Research Areas

Journalism; Media; U.S. Politics; Gender Issues; Social Justice Issues


M.S., University of Arizona

B.S. Ed., University of Texas at Austin


Schuster Institute for Investigative Journalism

Florence's Extended Biography at the SIIJ

Schuster Institute Investigations Slavery Now & Then

Investigating Power

Columbia Journalism Review: "What We Investigate is Linked to Who We Are" (pdf)

Florence George Graves

Florence George Graves

Florence George Graves

Florence George Graves is the founding director of Brandeis University’s Schuster Institute for Investigative Journalism, where a staff of journalists conducts major investigations on issues related to political and social justice. The first investigative reporting center based at a university, the Institute hires students as research assistants, giving them a unique opportunity to learn the critical thinking and research skills of investigative reporting. As an investigative reporter and magazine editor, Graves’s work has focused on exposing political, government and corporate abuses of power, particularly in Washington, D.C., and her work has led to congressional hearings, government probes, and several reforms in public policies.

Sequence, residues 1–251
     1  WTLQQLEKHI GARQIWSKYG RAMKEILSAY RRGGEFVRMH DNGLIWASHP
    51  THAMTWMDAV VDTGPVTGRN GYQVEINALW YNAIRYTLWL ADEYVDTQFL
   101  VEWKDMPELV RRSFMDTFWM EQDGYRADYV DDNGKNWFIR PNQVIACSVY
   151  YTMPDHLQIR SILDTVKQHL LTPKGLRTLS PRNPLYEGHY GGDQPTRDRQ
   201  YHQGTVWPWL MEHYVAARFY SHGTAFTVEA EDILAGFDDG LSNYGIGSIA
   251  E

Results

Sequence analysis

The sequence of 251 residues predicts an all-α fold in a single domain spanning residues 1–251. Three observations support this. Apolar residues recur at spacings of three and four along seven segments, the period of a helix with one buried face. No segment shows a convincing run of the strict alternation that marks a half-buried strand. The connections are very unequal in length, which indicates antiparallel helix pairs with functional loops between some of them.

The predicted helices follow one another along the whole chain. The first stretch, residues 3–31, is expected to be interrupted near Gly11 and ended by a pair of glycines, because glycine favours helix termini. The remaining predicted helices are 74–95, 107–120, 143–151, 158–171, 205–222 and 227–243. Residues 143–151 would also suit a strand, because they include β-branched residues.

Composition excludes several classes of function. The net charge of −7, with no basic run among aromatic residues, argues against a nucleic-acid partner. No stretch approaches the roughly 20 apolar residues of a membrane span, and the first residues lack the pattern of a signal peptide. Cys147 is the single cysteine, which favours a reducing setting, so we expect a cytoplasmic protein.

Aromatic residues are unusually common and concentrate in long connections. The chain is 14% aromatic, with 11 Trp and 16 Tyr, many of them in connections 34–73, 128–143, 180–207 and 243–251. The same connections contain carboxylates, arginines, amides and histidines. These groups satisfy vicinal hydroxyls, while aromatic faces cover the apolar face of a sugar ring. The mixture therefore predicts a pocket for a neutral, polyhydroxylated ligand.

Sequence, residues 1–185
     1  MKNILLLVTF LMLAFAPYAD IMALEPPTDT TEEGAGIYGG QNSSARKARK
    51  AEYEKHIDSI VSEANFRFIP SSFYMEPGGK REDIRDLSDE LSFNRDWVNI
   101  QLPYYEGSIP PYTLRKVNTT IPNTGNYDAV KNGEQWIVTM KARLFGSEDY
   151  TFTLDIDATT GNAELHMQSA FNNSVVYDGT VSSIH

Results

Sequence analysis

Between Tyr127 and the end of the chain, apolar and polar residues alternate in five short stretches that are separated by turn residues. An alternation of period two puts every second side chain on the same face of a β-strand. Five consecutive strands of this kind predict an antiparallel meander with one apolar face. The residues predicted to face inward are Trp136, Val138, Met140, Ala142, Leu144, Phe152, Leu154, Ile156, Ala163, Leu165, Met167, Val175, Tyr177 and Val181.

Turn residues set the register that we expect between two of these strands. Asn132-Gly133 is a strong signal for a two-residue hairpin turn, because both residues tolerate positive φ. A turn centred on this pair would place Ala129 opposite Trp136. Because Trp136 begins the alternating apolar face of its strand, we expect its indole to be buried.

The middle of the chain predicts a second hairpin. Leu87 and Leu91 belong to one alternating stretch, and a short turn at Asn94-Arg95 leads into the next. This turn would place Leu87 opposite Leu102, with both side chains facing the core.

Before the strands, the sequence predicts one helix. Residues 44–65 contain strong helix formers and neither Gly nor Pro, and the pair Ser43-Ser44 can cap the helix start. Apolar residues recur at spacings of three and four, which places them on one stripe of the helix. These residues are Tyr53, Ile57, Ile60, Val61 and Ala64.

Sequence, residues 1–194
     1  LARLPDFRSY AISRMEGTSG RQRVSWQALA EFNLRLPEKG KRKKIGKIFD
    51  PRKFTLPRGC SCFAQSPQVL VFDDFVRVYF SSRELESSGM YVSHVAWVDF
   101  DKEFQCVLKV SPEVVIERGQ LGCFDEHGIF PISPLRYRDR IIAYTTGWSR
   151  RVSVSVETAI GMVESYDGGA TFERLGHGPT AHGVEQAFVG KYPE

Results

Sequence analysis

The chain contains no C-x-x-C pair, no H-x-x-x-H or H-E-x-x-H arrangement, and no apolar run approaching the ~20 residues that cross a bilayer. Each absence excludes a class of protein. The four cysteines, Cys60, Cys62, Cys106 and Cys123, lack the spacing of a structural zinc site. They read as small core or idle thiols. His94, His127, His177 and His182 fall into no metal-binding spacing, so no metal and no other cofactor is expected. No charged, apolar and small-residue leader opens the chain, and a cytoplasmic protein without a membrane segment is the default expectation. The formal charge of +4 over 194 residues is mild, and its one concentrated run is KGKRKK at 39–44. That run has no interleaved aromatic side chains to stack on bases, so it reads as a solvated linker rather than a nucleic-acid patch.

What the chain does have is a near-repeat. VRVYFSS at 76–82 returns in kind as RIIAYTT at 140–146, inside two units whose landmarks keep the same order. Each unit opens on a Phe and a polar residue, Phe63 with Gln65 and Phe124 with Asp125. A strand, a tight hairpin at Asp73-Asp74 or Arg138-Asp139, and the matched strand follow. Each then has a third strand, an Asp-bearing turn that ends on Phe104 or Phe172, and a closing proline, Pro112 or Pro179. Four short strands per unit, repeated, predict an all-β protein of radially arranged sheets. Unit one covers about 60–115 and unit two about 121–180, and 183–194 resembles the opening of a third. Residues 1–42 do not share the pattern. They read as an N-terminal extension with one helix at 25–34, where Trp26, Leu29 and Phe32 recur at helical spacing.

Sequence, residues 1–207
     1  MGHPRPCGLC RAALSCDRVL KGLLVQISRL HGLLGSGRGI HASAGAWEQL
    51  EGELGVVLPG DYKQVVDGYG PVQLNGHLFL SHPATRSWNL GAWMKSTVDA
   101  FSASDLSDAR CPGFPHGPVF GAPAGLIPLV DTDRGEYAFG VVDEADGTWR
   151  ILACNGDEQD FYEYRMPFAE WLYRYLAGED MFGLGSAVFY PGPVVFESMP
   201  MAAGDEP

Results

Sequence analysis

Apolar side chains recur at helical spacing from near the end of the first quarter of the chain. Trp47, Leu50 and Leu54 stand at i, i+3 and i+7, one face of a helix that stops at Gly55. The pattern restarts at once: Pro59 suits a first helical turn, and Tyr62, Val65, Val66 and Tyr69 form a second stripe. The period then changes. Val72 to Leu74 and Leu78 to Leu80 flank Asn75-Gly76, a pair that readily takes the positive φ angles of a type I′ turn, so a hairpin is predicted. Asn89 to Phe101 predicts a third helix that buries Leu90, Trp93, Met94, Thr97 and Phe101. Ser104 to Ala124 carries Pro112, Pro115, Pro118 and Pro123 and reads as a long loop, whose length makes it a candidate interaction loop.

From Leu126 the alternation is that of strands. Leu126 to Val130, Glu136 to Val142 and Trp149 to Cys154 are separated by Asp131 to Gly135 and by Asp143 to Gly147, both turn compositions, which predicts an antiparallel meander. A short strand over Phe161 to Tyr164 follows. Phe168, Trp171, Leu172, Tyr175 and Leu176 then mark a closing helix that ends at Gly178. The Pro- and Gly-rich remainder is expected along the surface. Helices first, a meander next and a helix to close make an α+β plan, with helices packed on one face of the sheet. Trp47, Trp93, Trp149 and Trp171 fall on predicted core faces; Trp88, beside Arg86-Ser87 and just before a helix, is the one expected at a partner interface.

Working as an investigative reporter for The Washington Post, Graves and a colleague broke the story exposing sexual misconduct allegations about Senator Bob Packwood of Oregon, which led to his resignation. She founded the national political and investigative journal, Common Cause Magazine. Her work has received numerous national awards, including the Investigative Reporters and Editors Award. She also received the National Magazine Award for General Excellence, which honors the editing and overall presentation of a magazine-- the highest award in magazine publishing.

Current Projects

On leave for the current academic year.

Representative Publications

Graves, Florence and Kehaulani, Sara. “Boeing Parts and Rules Bent, Whistleblowers Say.” The Washington Post, April 17, 2006.

Graves, Florence. “Packwood Accused of Sexual Advance.” Washington Post, November 22, 1992.